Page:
I have very strong opinions about manipulatives. I like them. I really do, as long as they are natural, demonstrate a clear pattern, or give students an alternative way to work out a problem. To me this seems obvious. Why would you have students work with manipulatives if they do not clearly illustrate and support the objective of the lesson? Unfortunately in BC our curriculum is trying to shoehorn manipulatives into the curriculum. I get their effort to make things more concrete, but I feel as if manipulatives should be a supplement, not a requirement. Regardless of this opinion, I still have to find ways to make these manipulatives accessible, clear, and engaging, and this is my effort to do so.

## The Battle of the Integers (Army Men kick inergers chips arses)

Ok, yes I am a loser. I just need to get that out of the way, but hey it works! How do I do this in class? Here goes.

Start the video: The opening sequence is enough time to hand out bags of army men. I hand them out one ziploc bag per pair, and worksheet/notes per student.

** integer_addition.docx** |

File Size: | 104 kb |

File Type: | docx |

Download File

Then I press pause when "Integer addition" shows up on the screen. This is the easy part. We talk about what happens in war. In integer war they always kill each other off in pairs (zero pairs to be specific). Kids catch on to this pretty quick. So we can begin with our first example. This is our basic addition example. Have students start with three positive army men, then add three more. Easy peasy! I play the video for a few seconds to let those three positive guys come in. Now we have six, so ask the students what if the 4 red guys came to the battle scene? The students recreate the battle scene, write down there answer, and then view it on the video! (This involves pausing and playing, and you really have to know where to stop it).

Then students work out their own examples, they can use the army men, and they plot their actions on a number line. I have tried to make the work sheet one that slowly removes steps (I think I saw Jason Buell do this, and I love it). By the end students get a pretty good grasp of integer addition. It is just practice (I pick integer addition war, or a pre-alg with pizazz that I snagged from Dan Meyer).

## Where battle starts getting tough... (AKA Subtraction, and its difficulties...)

The next day we start with some small activity (probably war), and then we jump into subtraction. I remember when I was a kid, and learning about subtracting a negative number I felt a little like this...

Subtracting negative integers is not intuitive (to me at least) in the slightest. In fact it was not until my modern algebra class in third year university, that I actually understood why a negative times a negative is a positive. It is thus not a surprise that this was the hardest part for me to teach, but after a few tries I finally got it.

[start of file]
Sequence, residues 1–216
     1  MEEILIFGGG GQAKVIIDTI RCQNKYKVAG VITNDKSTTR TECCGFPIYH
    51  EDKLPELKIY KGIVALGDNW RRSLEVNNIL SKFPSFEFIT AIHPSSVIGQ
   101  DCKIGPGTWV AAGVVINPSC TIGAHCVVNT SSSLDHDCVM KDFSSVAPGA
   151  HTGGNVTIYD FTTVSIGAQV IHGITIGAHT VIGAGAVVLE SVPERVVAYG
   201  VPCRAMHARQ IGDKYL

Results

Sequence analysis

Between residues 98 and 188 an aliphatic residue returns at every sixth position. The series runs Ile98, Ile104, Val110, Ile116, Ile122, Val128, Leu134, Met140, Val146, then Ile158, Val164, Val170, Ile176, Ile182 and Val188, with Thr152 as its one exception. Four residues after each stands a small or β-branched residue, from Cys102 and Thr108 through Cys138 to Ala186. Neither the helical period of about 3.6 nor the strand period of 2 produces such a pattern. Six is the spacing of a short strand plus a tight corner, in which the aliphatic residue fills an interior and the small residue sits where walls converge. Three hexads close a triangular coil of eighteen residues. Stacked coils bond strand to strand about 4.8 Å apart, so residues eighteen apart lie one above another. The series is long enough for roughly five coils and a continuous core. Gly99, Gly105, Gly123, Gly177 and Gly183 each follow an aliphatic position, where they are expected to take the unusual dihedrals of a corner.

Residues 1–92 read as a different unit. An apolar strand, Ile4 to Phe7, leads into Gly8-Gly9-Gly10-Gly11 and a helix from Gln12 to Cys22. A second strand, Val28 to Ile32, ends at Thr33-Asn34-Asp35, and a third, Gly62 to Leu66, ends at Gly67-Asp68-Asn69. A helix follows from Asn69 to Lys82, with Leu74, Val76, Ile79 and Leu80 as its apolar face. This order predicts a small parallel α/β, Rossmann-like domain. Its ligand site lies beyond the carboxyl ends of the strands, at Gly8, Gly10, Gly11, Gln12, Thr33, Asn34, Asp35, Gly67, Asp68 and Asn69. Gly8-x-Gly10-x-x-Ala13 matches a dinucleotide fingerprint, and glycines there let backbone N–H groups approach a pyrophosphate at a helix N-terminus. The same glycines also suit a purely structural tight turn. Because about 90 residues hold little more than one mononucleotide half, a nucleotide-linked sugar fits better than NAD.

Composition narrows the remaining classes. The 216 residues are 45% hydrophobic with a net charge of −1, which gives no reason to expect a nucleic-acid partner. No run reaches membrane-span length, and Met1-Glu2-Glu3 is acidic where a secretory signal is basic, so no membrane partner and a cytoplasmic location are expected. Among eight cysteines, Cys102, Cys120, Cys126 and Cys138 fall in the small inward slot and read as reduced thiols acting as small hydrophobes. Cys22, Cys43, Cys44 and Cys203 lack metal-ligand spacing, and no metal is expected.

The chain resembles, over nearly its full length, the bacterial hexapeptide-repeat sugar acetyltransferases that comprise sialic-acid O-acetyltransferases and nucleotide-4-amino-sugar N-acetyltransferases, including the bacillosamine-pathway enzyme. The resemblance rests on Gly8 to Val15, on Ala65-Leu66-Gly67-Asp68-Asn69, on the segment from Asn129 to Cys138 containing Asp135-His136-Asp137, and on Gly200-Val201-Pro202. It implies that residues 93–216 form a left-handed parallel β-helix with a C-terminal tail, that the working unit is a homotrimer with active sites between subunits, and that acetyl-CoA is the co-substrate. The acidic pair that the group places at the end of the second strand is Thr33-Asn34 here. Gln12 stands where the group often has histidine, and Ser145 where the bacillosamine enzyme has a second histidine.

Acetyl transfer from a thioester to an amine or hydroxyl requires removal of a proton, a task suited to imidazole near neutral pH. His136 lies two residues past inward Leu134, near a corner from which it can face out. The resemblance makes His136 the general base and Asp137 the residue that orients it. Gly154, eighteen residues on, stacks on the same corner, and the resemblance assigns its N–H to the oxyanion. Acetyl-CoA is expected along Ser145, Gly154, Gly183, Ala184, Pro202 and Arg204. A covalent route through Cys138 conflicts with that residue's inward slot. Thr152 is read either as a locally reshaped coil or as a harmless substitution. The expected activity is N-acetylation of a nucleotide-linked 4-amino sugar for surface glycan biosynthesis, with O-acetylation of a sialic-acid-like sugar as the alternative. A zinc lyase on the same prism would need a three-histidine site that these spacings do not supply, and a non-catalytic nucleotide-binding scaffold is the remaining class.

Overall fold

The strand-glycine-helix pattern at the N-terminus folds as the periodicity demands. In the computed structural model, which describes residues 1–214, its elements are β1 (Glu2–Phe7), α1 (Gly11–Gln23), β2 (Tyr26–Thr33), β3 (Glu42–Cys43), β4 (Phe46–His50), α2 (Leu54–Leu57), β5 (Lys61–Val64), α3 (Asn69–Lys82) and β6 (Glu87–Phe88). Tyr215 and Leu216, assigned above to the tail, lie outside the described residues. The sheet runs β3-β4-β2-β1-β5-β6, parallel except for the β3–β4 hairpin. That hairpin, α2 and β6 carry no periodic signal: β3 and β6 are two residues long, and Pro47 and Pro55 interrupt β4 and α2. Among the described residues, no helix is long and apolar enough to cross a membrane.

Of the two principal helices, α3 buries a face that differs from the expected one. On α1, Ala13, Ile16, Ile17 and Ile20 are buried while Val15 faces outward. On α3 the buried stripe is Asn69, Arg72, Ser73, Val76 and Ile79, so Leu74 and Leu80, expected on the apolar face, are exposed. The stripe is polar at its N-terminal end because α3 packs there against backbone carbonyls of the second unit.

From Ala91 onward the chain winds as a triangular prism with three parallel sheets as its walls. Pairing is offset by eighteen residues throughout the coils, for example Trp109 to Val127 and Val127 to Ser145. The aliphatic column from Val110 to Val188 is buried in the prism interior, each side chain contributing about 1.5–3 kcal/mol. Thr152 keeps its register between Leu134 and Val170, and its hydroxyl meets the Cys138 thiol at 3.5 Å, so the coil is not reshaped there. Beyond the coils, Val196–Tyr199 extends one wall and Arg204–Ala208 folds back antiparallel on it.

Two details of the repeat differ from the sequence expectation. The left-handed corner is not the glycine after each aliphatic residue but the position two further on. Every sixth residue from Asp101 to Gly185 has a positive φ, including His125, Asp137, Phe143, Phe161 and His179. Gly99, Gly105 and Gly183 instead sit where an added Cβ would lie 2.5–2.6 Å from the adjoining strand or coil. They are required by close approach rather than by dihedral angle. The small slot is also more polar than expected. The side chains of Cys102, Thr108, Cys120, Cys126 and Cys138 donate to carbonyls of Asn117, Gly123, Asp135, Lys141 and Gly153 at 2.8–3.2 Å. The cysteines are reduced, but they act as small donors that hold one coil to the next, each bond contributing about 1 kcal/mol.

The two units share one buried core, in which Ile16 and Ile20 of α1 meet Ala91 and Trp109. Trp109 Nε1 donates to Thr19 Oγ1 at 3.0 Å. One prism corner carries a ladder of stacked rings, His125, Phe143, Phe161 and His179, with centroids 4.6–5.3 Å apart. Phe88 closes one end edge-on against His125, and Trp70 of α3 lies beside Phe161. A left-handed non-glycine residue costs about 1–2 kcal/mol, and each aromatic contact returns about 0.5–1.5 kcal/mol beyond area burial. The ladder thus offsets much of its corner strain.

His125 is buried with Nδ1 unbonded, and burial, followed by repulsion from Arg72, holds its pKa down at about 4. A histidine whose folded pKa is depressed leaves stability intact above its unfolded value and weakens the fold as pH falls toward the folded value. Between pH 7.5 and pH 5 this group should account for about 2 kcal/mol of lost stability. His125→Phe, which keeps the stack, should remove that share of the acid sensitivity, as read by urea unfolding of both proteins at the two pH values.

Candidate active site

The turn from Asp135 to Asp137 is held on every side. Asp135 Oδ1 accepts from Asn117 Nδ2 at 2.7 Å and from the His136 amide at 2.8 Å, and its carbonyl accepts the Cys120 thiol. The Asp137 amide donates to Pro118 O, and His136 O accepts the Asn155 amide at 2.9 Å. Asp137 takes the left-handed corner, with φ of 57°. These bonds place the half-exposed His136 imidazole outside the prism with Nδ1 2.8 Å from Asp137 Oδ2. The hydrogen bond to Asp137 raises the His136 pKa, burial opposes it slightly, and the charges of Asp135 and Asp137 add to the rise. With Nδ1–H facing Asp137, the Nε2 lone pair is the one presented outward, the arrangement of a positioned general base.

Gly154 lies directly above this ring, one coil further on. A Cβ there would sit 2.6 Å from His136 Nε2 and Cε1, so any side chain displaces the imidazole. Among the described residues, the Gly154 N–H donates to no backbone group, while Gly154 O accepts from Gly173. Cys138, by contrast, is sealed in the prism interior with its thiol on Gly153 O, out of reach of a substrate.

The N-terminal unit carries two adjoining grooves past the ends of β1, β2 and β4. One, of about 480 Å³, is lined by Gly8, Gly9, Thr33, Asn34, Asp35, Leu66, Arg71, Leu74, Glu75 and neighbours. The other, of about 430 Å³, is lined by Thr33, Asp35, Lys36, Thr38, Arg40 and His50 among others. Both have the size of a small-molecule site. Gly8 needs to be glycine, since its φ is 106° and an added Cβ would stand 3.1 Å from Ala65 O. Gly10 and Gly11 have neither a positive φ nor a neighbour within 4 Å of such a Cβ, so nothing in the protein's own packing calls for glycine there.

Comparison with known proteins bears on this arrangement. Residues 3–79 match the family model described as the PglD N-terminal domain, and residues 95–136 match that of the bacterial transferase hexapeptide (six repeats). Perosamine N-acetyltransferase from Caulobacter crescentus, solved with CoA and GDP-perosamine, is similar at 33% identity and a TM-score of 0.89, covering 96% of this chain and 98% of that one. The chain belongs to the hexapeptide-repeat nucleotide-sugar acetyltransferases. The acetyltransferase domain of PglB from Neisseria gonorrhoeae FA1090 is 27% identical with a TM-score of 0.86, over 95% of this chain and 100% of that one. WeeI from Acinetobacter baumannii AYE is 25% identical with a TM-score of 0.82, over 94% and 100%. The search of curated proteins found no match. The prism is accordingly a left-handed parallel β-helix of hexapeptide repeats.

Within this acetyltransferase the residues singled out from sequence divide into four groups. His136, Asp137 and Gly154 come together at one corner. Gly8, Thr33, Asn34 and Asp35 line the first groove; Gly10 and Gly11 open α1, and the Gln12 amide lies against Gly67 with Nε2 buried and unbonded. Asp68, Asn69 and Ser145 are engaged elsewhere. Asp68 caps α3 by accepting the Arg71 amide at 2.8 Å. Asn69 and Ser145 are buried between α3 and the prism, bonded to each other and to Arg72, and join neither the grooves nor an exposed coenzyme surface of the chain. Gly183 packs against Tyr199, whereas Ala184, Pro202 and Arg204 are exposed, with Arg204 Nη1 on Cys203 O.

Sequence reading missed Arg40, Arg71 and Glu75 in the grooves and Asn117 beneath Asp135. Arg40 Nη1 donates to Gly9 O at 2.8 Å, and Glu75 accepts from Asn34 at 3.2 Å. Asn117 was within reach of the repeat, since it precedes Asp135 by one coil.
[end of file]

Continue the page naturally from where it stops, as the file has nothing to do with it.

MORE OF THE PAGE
I start by asking the students to make a battle situation that will result in a zero, but uses ten men (in total). Students work through it, and with a little bit of help and guiding questions, they get 5 red and 5 blue. I then introduce them to the idea of retreat. Subtraction is like retreating, so I tell them,"from this battle, retreat (or subtract) +3 guys. What do we have left?"

Students show me and tell me, "Negative 3! You have -3 left!" I get them to write this down (I am working on a worksheet still, but for now blank paper will do). So I decided to pull out my infinite cloner from my Smart notebook, and get them to show me on the board.

** battle_of_the_integers.notebook** |

File Size: | 100 kb |

File Type: | notebook |

Download File

We reset to zero and build it up, make bigger battles, and try questions like 0-(+5), 0-(+10), it doesn't take long to get that subtracting a positive, is like adding a negative. Then I have them reset to zero, and this time, with out removing any men, they have to make the battle scene (I haven't thought of a better name than battle scene) equal to +2. In this case they should have 7 positive guys, and 5 negative guys. I ask them the same thing, "now remove 3 positive guys, (+2) - (+3)," students get really used to recognizing how it helps. The basic steps are as follows (you can do it for any number).

- Reset to zero
- For the first number of the equation, add those army men (start with zero, go to positive, then go to negative).
- Subtract the number (in battle terms, tell which side should retreat, start with positive, work to negative).
- Fight the battle, see what remains.
- Repeat

Go through the combinations, and keep asking students, "Do you notice patterns?" Follow along on the smartboard. Here is an example of what it looks like on a Smartboard.

## Move on Soldier!

It took me at least three full lessons of falling flat on my face (having kids more confused than when we started), but this way finally worked. Students could see the patterns and the rules clearly. Kids who could memorize the rules did, those who didn't could make the battle with the army men. I was happy, but now I have to do multiplication. I have some ideas, but nothing that I feel inspired by, whereas I am proud of this. Any tips? I'd love to hear them...

## A completely pointless epilogue

Just for fun, I created this, and put it up in my class using

block posters.